OLYMPIA, March 11 — Another legislative session is on the books after a grueling final night in which lawmakers flirted with a special session.
There were also surprises.
Who expected Senate Democrats to kill the police chase bill?
It passed in the Senate 31-18 a month ago and in the House 86-12 a week ago. But remember, all of those “no” votes in the Senate came from the Democrats. Since the House tweaked the bill, the Senate was expected to approve Thursday.
Upon his arrival, he no longer had enough support in the caucus, Senate Majority Leader Andy Billig told reporters at a postsession news conference.
Republicans sensed trouble. They tried several times to force a vote without success.
Credit family members of those killed by police and those who demand greater police accountability for changing their minds. They argued from day one that the bill would undo changes made last year, leading to an increase in violent interactions.
Law enforcement officials have argued that the 2021 law cripples their ability to engage in prosecutions to protect public safety.
Democratic Senator Manka Dhingra offered a rebuttal to reporters. Why, she asked, were some law enforcement agencies able to do their job and others not?
I didn’t see this one coming
Who expected House Democrats to kill one of the most important pieces of climate change legislation?
House Bill 1099 prescribed what counties must put into comprehensive climate change plans. It had been heavily negotiated over two sessions. The House and Senate met in conference to iron out wrinkles, as if to include a goal to address “climate change” – or should it be “environmental resilience”?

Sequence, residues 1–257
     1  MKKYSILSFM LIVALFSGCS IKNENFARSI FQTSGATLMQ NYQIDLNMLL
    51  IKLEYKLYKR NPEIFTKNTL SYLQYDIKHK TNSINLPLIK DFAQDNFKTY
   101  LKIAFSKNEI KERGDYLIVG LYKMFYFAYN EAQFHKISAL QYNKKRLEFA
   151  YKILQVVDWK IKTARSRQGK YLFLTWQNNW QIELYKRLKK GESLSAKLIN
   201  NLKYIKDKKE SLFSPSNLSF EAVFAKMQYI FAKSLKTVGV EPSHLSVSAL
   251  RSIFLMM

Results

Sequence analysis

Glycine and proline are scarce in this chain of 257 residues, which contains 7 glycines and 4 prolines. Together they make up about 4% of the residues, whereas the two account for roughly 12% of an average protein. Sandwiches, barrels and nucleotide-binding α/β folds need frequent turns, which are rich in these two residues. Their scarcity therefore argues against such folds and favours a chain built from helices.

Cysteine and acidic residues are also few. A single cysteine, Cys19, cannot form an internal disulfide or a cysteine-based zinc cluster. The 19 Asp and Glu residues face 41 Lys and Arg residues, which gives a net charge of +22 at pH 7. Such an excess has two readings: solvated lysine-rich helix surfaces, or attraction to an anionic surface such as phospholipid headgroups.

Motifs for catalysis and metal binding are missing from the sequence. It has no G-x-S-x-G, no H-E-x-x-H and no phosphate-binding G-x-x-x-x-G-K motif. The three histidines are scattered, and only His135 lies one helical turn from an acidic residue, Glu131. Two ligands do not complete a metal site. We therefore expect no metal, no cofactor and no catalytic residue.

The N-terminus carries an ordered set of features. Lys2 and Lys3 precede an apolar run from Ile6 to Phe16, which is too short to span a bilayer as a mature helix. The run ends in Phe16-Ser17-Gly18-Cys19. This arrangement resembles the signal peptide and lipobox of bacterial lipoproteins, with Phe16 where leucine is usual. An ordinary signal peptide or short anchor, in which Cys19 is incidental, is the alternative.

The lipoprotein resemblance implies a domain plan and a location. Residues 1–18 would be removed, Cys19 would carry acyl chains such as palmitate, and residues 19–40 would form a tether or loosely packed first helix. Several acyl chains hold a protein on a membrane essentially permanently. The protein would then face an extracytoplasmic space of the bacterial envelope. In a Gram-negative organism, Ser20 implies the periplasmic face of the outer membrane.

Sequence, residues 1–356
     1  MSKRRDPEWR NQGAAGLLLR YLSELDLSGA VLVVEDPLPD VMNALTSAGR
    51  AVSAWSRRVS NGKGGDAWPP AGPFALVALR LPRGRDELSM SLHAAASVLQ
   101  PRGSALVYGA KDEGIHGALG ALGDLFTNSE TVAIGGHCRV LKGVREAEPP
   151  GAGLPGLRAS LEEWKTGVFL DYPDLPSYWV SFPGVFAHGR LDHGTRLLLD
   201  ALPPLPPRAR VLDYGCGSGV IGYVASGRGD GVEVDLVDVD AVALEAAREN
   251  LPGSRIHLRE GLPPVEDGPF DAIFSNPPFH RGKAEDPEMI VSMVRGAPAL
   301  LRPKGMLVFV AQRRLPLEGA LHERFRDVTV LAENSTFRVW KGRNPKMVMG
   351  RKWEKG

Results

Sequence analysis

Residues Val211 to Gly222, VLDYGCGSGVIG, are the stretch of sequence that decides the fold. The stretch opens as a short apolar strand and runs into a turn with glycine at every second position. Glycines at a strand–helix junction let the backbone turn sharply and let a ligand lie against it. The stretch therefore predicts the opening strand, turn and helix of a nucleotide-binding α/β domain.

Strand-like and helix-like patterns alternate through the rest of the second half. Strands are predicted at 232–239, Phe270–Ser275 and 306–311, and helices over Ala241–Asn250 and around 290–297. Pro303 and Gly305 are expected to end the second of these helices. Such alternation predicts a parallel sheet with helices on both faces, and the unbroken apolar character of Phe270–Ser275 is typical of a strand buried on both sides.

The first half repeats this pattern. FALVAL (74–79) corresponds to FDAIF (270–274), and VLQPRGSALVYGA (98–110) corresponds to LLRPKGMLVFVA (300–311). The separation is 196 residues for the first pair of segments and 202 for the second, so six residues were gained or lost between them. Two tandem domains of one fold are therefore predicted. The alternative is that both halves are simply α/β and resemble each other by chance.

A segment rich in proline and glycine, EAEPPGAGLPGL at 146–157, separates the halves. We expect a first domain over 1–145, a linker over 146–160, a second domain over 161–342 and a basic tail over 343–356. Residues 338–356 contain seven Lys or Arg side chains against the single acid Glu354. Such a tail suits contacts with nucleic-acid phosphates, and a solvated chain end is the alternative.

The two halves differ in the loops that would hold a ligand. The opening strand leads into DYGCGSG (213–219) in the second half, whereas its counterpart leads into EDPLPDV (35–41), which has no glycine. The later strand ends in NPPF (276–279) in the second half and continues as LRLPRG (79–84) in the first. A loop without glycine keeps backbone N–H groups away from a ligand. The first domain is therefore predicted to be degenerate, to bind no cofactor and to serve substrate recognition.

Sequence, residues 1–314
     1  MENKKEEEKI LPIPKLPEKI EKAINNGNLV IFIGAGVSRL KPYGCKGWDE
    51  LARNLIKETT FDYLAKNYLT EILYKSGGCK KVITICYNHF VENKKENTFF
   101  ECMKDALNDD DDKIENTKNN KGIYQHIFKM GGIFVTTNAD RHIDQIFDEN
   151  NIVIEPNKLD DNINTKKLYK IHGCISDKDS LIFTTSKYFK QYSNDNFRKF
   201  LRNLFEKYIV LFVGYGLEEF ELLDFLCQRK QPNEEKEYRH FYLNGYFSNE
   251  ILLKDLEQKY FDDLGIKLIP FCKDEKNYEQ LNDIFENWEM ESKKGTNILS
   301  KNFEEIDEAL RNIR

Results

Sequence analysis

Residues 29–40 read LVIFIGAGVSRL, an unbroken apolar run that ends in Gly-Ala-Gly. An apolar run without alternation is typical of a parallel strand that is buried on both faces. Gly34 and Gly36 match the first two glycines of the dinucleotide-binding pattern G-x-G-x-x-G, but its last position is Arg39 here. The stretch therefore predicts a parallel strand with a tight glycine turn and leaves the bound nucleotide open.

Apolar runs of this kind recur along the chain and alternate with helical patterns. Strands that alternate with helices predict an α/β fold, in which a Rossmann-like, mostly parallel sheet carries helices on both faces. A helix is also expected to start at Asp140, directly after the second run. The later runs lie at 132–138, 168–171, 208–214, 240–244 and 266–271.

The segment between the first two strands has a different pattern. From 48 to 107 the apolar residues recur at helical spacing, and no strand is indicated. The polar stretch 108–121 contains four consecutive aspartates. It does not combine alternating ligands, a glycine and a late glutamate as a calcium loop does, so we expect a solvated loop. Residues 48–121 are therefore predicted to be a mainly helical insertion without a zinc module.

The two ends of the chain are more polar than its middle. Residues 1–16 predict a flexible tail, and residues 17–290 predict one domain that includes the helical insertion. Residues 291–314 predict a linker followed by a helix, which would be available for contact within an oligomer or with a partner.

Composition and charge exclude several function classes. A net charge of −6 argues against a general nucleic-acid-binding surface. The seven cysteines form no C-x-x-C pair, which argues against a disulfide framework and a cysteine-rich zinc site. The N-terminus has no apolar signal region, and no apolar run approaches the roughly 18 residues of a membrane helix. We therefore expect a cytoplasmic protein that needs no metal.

On Thursday, the Senate passed the final compromise, but the House never put it to a vote.
House Speaker Laurie Jinkins called it “very disappointing” before blaming Republicans. The GOP signaled its intention to filibuster the bill, which could have prevented action on the budget before the end of the session, she said. Time is running out, Jinkins moved the budget.
The bill’s unexpected death followed an intriguing flare-up in the Senate that required the intervention of Lieutenant Governor Denny Heck.
At stake was the content of the final compromise brokered by House and Senate Democrats. They added brand new things, allowing for the creation of special zones for higher density housing, which they removed from legislation that died earlier in the session.
The Republicans cried foul. They said the new verbiage goes beyond the scope and purpose of the bill, which tackles climate change through policies in global plans. Heck had to make a decision.
“I don’t feel good about this one,” he said. “It’s not a clear case.”
Both Democrats and Republicans have had their dust this session. Was this session more partisan than the previous ones?
Gov. Jay Inslee: “When I think of Republicans and Democrats, I think of people on the streets, not people in the Legislative Assembly. And the people on the streets want what we delivered tonight, which is progress, progress on housing, schools, climate change and transportation. In a sense, it was a bipartisan success.
Senate Minority Leader John Braun: “We challenged the majority proposals with what we still consider to be better ideas. Sometimes we’ve been successful – it’s thanks to Republicans that law enforcement gets crime-fighting tools. Otherwise, our proposals to restore public safety, restore public trust, and make life in Washington more affordable have been stalled. If there was a question where the interests of our fellow Democrats lie, the answer has been provided by the decisions made over the past 60 days.